A difficult standard
Standardization is not frequently found within trauma data programs. While verification is a voluntary and standardized process, center designations are inconsistent across states which creates inequity from one Level III trauma center data set to another. The predominantly manual process of trauma data management only adds to this issue.
Data-defined best practices in trauma care delivery is more difficult than it appears — and that’s saying something.
Our trauma expertise
We offer a comprehensive approach to trauma Level I, II, III, and IV data management with a team of experts, including CSTRs and CAISSs.
Programs we support
- Trauma Quality Improvement Program (TQIP)
- American College of Surgeons (ACS)
- National Trauma Data Bank (NTDB)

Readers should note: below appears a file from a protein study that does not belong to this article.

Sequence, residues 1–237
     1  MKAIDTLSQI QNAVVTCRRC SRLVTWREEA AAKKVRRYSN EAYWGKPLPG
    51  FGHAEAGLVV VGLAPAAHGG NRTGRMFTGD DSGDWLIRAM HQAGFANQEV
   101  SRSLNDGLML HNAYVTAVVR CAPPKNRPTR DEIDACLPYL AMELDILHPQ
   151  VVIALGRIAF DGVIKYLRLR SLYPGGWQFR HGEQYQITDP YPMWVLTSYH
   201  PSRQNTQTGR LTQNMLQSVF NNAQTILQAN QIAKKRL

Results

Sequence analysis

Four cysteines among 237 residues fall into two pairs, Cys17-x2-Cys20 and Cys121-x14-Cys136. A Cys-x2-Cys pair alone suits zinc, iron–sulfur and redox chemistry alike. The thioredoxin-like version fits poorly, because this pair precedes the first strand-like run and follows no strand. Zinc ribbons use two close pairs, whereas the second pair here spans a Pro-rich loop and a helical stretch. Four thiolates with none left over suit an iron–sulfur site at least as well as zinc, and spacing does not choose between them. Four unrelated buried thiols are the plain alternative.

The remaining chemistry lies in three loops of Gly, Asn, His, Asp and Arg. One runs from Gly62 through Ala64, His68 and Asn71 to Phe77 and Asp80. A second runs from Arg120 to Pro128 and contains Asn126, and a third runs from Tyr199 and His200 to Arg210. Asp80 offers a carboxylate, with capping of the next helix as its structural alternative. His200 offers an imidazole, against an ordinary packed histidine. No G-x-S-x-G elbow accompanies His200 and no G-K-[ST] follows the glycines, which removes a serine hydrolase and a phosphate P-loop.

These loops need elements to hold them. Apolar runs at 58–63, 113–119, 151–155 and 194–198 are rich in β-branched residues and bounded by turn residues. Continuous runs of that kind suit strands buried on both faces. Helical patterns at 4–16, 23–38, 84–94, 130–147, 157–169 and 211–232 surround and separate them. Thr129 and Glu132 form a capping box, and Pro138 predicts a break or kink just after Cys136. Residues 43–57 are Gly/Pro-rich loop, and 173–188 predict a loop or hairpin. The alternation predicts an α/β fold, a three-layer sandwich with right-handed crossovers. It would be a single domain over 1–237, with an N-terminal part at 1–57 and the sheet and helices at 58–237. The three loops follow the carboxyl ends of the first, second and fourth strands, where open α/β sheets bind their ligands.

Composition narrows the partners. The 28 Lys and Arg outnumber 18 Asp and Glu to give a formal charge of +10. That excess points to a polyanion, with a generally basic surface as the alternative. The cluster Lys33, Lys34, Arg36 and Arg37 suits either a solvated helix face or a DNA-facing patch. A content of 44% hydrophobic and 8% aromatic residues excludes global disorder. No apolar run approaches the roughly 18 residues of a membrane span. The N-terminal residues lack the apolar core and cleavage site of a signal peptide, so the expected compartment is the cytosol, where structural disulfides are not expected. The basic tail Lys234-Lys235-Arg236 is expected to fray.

- State-specific trauma programs
Grady Health System record closure
Record Closure Rate Did Not Meet the ACS Standard:
- 955 of the 1,653 records abstracted in-house were completed within 60 days of patient discharge, yielding a concurrency rate of 58% (Figure 1)
- Concurrency rate fell short of the 80% required by the ACS to define the registry as “concurrent”
Outcomes after Q-Centrix Partnership:
- Utilizing a partner: 1,522 of the 1,592 records were completed within 60 days of patient discharge, yielding a concurrency rate of 95%
- Concurrency rate improved to 94% within the first month of record the project and ranged from 93-100% for the remainder of the analysis period
- Exceeded the 80% required by the ACS to be considered a “concurrent registry”
Current state of trauma data
Vice President, Client Services and Data Integrity
Senior Vice President, Enterprise Business Development